SNELLVILLE -- A vacuum and sewer truck that the Snellville city manager said would reduce cleanup time of storm drains, was approved to be purchased on Monday by the City Council.
The truck, which will be used by the Storm Water Department, will eventually cost $219,504, but the city has agreed to lease it for a four-year period from the Environmental Products of Georgia, with an initial payment of about $58,000.
"This truck will save us significant time and manpower," City Manager Butch Sanders said. "We won't be working by hand anymore."
Councilman Dave Emanuel added that he witnessed the truck clear a drain in an hour that would have taken three or four days by hand.
"It's entertaining to watch," he said.
Also at the council meeting, a first reading to amend the city's alcohol ordinance to allow for the sale of growlers was waived and action is expected to taken at the January meeting. If approved, Snellville would be the fourth Gwinnett city to allow for the sale of growlers after Duluth, Suwanee and Lawrenceville.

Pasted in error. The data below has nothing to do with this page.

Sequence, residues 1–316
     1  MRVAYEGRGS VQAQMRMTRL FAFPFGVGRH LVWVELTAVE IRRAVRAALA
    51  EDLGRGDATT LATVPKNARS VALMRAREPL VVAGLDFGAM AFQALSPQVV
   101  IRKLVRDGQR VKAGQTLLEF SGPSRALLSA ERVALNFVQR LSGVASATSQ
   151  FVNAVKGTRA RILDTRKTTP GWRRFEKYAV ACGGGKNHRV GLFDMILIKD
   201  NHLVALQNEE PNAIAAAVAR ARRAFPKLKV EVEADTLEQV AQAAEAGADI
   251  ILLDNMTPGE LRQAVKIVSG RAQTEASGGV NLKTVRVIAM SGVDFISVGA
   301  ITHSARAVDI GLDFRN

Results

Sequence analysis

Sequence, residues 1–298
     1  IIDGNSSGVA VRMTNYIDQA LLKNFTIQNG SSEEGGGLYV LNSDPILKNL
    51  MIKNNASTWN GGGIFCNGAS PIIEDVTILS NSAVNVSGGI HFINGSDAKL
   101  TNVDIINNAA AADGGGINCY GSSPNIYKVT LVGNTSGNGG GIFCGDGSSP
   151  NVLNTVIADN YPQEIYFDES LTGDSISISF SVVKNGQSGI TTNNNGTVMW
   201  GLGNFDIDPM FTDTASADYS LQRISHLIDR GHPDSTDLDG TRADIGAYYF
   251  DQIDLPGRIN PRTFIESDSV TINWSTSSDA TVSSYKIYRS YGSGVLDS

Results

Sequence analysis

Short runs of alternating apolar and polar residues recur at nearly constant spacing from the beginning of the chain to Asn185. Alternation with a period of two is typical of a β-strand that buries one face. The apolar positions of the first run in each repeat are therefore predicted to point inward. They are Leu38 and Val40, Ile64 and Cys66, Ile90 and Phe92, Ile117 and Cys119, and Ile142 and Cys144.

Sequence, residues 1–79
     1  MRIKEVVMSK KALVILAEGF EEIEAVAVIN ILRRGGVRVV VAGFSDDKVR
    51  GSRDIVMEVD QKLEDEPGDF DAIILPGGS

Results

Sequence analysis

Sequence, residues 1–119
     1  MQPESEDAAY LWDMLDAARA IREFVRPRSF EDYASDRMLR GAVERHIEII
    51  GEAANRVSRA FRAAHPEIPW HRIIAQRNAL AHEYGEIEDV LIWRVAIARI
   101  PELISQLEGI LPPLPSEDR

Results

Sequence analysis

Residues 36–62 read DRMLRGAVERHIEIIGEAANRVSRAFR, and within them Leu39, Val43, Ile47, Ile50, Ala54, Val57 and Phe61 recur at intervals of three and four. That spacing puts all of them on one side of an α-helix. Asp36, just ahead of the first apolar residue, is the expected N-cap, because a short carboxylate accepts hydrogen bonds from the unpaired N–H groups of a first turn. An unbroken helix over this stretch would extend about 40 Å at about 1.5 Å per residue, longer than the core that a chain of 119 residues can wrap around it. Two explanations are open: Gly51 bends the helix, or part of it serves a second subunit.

The council also approved what Sanders called "housekeeping" measures related to the settlement of the Service Delivery Strategy settlement about police radio systems and an emergency operations plan.
After a staff committee reviewed five engineering firms, Sanders recommended the engineering firm Clark, Patterson and Lee to be used on an on-call basis, which the council passed.
The council also approved a purchase of a 2013 Ford Explorer for the police department.
After it received eight bids, the Council approved staff's recommendation of a $547,768 paving contract with E.R. Snell to resurface portions of 16 streets.
A nomination of Gina Foster for the Evermore Community Improvement District was brought by Mayor Kelly Kautz, and a motion made by Councilman Mike Sabbagh, but it failed after it didn't receive any support.
The council honored Shiloh High and Georgia Tech graduate, Jacob Tzegaegbe, who recently received a Marshall Scholarship, which is given annually to U.S. students pursuing post-secondary education in England. Tzegaegbe plans to use the scholarship to pursue his doctorate in civil engineering at the University College London next year. The scholarship will pay for all education-related expenses during his two years in London.